UPDATE 2-Court rules against Vodafone in India tax case

* India court dismisses Vodafone petition against tax dept

* Tax dept has jurisdiction in cross-border deals-court

* Sets precedent for foreign firms targeting India cos

* Vodafone shares down 0.4 percent

(Adds details, background, comment, updates shares)

By Prashant Mehra & Sumeet Chatterjee

MUMBAI, Sept 8 (BestGrowthStock) – India’s tax department has
jurisdiction over tax bills in cross-border mergers, a court
ruled, dismissing a petition by Vodafone (VOD.L: ) and setting a
precedent for overseas firms looking to buy into Indian
companies.

The Bombay High Court ruling came as foreign firms show
renewed interest in acquiring Indian companies, lured by growth
prospects in the world’s second-fastest growing major economy.
But the decision may prompt overseas firms to be more cautious
about plans to enter India through acquisitions.

“This will make the deals costlier for strategic buyers and
private equity firms,” said Jagannadham Thunuguntla, equity head
of SMC Capital. “Investors who are planning to enter into India
hoping there will be no tax liability will think twice.”

Vodafone, fighting a tax bill in India from its 2007
purchase of Hutchison Whampoa Ltd’s (0013.HK: ) mobile business in
the country, had filed an appeal with the court in June
challenging the tax department’s jurisdiction over the bill.

The world’s largest telecommunications operator by revenue,
which paid $11.1 billion for the deal with Hutchison, has not
said how much the authorities were seeking. A person with
knowledge of the matter earlier told Reuters it was about 120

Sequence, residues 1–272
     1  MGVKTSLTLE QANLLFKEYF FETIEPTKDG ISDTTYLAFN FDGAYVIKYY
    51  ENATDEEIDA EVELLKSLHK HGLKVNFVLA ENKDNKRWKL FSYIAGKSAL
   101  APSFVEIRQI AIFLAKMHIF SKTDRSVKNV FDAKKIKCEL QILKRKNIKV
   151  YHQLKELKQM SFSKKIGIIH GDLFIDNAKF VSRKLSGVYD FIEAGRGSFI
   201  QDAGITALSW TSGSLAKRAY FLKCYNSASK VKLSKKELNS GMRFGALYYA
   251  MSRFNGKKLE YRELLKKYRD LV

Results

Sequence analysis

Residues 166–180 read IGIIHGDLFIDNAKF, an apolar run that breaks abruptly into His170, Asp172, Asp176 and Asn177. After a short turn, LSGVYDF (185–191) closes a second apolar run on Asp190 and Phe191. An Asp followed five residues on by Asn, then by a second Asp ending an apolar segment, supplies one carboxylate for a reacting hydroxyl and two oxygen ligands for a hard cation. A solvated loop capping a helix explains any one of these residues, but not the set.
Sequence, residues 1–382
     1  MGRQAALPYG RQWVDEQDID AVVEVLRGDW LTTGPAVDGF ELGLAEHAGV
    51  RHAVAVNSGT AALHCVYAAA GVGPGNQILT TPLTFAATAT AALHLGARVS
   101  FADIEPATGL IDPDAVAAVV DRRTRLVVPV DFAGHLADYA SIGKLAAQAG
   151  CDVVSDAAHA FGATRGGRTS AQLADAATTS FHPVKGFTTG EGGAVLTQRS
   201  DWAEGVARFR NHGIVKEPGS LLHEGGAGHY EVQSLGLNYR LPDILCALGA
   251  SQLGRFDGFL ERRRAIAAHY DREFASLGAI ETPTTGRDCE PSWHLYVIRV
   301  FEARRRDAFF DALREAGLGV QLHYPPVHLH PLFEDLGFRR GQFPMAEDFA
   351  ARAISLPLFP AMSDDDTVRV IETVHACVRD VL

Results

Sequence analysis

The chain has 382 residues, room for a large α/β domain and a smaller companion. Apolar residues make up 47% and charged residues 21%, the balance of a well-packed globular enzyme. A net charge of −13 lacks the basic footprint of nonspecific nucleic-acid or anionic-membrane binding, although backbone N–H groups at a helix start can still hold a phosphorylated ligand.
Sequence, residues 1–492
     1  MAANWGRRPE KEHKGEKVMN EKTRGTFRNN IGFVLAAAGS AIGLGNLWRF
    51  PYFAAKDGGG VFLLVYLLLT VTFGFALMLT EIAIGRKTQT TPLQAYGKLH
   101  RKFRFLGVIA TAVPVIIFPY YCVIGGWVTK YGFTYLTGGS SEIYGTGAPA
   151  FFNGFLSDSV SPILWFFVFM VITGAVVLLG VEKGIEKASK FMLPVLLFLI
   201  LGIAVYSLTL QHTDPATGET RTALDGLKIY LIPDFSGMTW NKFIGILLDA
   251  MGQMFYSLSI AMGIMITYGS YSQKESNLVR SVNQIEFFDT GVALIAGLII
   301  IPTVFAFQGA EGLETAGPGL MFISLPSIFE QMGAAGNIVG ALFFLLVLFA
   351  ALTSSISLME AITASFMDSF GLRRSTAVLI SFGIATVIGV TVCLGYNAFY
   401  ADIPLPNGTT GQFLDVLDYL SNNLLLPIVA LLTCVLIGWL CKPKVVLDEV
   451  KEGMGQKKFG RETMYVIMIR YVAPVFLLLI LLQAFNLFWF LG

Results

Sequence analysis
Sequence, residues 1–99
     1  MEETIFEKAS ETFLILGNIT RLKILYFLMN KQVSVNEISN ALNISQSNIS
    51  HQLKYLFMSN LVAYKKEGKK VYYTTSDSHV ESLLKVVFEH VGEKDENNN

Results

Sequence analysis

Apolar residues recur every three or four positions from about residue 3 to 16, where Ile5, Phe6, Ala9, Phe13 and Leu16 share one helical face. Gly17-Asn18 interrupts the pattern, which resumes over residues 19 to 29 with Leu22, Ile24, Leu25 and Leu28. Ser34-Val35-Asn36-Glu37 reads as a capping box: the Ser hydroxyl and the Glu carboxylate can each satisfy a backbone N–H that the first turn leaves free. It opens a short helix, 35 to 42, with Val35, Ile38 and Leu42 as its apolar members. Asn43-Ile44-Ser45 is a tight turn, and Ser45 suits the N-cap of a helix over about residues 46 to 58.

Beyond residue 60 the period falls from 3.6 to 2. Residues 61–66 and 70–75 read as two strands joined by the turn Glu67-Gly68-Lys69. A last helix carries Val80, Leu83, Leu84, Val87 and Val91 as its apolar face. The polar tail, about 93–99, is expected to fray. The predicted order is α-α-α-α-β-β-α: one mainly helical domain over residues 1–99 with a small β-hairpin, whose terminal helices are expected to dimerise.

billion rupees ($2.6 billion).

Indian tax authorities have said Vodafone’s deal was liable
for tax because most of the assets were based in India and under
Indian law, buyers have to withhold capital gains tax
liabilities and pay them to the government.

“I don’t think this will be a major roadblock for M&A deals
in India, but the tax issue will be much more on the people’s
radar than it was before,” said an investment banker with a
leading foreign bank in India. “The companies are now going to
assess their tax liabilities before entering into a deal.”

ANOTHER SETBACK

London-listed Vedanta Resources (VED.L: ), which agreed to buy
a majority stake in Cairn India from Cairn Energy (CNE.L: ) for up
to $9.6 billion, could face similar taxes, though the situation
was unclear as the deal has not closed yet. [ID:nLDE67F074]

Emirates Telecommunication Corp (ETEL.AD: ) has been mulling
investment in Indian telecom firms Reliance Communications
(RLCM.BO: ) and Idea Cellular (IDEA.BO: ). [ID:nLDE6860BQ]

Wednesday’s ruling marks another setback for Vodafone in
India, where the company has not met with the success it hoped
for when it bought into the market in 2007. In May it took a
charge of 2.3 billion pounds due to fierce competition and
rapidly escalating spectrum costs.

Chief Executive Vittorio Colao, frustrated with Indian
regulations covering the auction of 3G spectrum licences, said
then that telecoms rules in the world’s second-fastest growing
telecoms market did not make sense.

The Bombay High Court had concluded its hearing in
Vodafone’s appeal last month. “The petition is dismissed,” the
two judges who heard the case said in a ruling on Wednesday.
“The IT authority’s order can’t be held to lack jurisdiction.”

The court said India’s tax authorities would not issue a
final order to Vodafone for the next eight weeks, even though
tax proceedings would continue. Vodafone was free to separately
raise with them the issue of its liability to deduct tax on the
transaction, the judges said.

A spokesman for Vodafone in India had no immediate comment.

Vodafone earlier said Indian law did not require it to
deduct tax and that capital gains tax is usually paid by the
seller.

Vodafone is elsewhere pursuing a strategy to exit
non-strategic minority investments and said on Tuesday it sold
its 3.2 percent stake in China Mobile (0941.HK: ) for $6.6
billion. [ID:nTOE686080] [ID:nTOE68702E]

Vodafone shares were down 0.4 percent at 159.3p by 1154 GMT.
(Writing by Pratish Narayanan; Editing by Jui Chakravorty and
David Holmes)
($1=46.7 rupees)

UPDATE 2-Court rules against Vodafone in India tax case